DISC Commissions not subject to IRS Recharacterization

On February16th, the Sixth Circuit Court of Appeals reversed the Tax Court Summa Holding, Inc. (Summa) decision which disallowed the payment of commissions to Domestic International Sales Corporation (DISC) owned by Roth IRAs. The Tax Court improperly held that the DISC payments paid by the parent of a closely held manufacturing company were not commissions and that the dividends the DISC paid to its Roth IRA shareholders were excess contributions.

Congress designed DISCs to enable exporters to defer corporate income tax. The exporter avoids corporate income taxes by paying the DISC commissions up to 4% of gross receipts or 50% of net income from qualified exports. The DISC pays no tax on its commission income (up to 10 million) and may hold the money indefinitely. However, the DISC shareholders must pay annual interest on their shares of the deferred tax liability. The money and other assets in the DISC can be distributed as dividends to its shareholders. The dividends that are paid to individuals are eligible for the qualified dividend tax rate.

In the Summa case, the taxpayer paid commissions to the DISC, which then distributed the money as a dividend to the holding company. The holding company paid income tax on the dividends and then distributed the balance to its Roth IRA shareholders. The owner of a Roth IRA can add shares of a DISC to their account and invest freely without having to pay capital gains taxes on the increases in the value of the shares of stock in companies that generate considerable dividends. As with all Roth IRA’s account holders, the owner does not pay any individual income or capital gains taxes when assets are distributed from the account at retirement age. While Congress’s decision to permit Roth IRAs to own DISCs might have been an oversight, it is still the law.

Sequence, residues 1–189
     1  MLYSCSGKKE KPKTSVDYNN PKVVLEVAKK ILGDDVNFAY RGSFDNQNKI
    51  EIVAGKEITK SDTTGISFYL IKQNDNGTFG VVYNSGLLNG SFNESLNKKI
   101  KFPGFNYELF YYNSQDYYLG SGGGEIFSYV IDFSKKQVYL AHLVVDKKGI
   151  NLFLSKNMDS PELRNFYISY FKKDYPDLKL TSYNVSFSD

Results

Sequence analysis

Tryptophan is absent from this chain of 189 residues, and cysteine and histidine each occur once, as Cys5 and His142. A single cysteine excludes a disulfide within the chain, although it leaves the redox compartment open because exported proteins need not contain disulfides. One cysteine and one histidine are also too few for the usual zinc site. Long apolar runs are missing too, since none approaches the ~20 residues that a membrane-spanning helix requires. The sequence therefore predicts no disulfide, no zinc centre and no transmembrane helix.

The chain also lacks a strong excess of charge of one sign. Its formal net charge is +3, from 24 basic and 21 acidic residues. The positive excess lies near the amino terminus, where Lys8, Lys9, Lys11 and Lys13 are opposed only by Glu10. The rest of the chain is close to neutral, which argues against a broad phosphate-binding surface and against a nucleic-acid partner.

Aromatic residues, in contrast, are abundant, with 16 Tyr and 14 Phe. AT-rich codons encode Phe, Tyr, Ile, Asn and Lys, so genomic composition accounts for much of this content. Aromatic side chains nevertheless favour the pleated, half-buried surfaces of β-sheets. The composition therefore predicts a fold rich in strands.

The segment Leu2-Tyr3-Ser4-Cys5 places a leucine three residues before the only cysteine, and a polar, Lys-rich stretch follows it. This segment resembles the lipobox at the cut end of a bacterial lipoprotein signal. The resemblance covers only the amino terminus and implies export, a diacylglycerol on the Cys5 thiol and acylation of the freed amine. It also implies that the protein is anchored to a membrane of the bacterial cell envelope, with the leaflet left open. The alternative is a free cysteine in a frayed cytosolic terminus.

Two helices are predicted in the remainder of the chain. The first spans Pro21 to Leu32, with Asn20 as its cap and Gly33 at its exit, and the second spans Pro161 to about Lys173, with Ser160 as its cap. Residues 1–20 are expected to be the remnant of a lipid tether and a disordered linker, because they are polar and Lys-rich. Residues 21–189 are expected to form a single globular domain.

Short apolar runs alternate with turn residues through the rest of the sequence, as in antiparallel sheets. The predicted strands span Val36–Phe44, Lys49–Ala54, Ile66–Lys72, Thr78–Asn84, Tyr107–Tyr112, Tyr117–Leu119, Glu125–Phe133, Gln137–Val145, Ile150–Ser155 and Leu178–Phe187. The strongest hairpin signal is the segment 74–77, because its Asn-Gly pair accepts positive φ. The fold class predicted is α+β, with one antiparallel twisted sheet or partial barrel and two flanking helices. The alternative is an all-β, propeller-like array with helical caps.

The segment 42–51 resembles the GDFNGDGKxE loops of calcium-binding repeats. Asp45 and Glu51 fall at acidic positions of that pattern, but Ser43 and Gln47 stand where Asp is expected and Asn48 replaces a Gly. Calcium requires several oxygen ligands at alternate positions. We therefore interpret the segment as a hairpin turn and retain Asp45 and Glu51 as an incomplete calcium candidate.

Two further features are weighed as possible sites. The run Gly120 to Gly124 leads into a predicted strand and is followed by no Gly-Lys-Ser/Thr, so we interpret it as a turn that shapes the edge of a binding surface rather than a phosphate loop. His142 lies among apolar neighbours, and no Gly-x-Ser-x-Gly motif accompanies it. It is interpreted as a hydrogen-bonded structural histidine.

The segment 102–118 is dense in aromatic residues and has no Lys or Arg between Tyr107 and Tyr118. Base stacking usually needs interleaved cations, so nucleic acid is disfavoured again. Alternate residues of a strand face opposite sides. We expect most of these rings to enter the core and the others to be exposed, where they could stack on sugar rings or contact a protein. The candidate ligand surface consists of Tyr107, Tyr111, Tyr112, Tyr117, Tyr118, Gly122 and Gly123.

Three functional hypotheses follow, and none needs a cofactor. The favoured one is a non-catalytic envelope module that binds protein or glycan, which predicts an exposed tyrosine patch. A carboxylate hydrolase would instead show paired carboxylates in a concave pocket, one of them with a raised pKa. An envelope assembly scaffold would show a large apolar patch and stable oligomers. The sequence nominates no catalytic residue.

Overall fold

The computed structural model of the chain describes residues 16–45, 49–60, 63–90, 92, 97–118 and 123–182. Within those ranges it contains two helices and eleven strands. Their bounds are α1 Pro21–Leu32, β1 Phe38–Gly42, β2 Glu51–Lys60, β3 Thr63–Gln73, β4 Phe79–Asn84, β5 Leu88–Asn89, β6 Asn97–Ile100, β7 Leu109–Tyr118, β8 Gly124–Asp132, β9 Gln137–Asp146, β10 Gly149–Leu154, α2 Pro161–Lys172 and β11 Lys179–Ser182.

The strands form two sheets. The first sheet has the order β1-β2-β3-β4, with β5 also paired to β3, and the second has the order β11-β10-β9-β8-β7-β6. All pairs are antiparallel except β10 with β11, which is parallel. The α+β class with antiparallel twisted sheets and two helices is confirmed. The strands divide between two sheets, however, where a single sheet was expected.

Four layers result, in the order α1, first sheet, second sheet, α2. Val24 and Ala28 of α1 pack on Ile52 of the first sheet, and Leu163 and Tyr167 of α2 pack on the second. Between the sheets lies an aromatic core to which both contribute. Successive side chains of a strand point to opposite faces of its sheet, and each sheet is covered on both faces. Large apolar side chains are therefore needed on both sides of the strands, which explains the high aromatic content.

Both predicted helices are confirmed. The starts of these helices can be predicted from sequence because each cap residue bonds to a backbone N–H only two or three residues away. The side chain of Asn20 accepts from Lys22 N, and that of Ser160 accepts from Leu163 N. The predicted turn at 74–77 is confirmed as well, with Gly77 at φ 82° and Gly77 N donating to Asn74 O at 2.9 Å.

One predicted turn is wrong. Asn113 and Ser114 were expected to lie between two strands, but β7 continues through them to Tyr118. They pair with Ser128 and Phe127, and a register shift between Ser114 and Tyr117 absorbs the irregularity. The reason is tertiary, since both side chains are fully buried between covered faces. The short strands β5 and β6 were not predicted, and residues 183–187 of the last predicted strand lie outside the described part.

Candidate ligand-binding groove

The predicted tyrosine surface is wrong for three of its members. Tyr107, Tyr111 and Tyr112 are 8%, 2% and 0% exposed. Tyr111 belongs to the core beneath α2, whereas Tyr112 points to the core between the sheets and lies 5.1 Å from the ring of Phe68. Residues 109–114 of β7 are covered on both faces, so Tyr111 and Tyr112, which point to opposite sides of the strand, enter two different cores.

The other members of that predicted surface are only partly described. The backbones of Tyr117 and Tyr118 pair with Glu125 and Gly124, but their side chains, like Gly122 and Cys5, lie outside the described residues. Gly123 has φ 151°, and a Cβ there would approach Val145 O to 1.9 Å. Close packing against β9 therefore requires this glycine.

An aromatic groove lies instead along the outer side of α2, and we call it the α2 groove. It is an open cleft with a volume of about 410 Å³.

The Sixth Circuit ruled that the Internal Revenue Service (IRS) had no basis for the disallowance and held that the use of a DISC indirectly owned by a Roth IRA’s is expressly authorized by Congress and not subject to any type of recharacterization. The substance-over-form doctrine did not authorize the IRS to prohibit a transaction just because taxpayers undertook the strategy to reduce their individual tax liability. Therefore, the Court held that the language of the DISC statutes must be respected and that the DISC commissions were not subject to substance-over-form recharacterization. 

Please contact us with questions regarding the Summa decision and visit the Our Thoughts On blog for more articles. 

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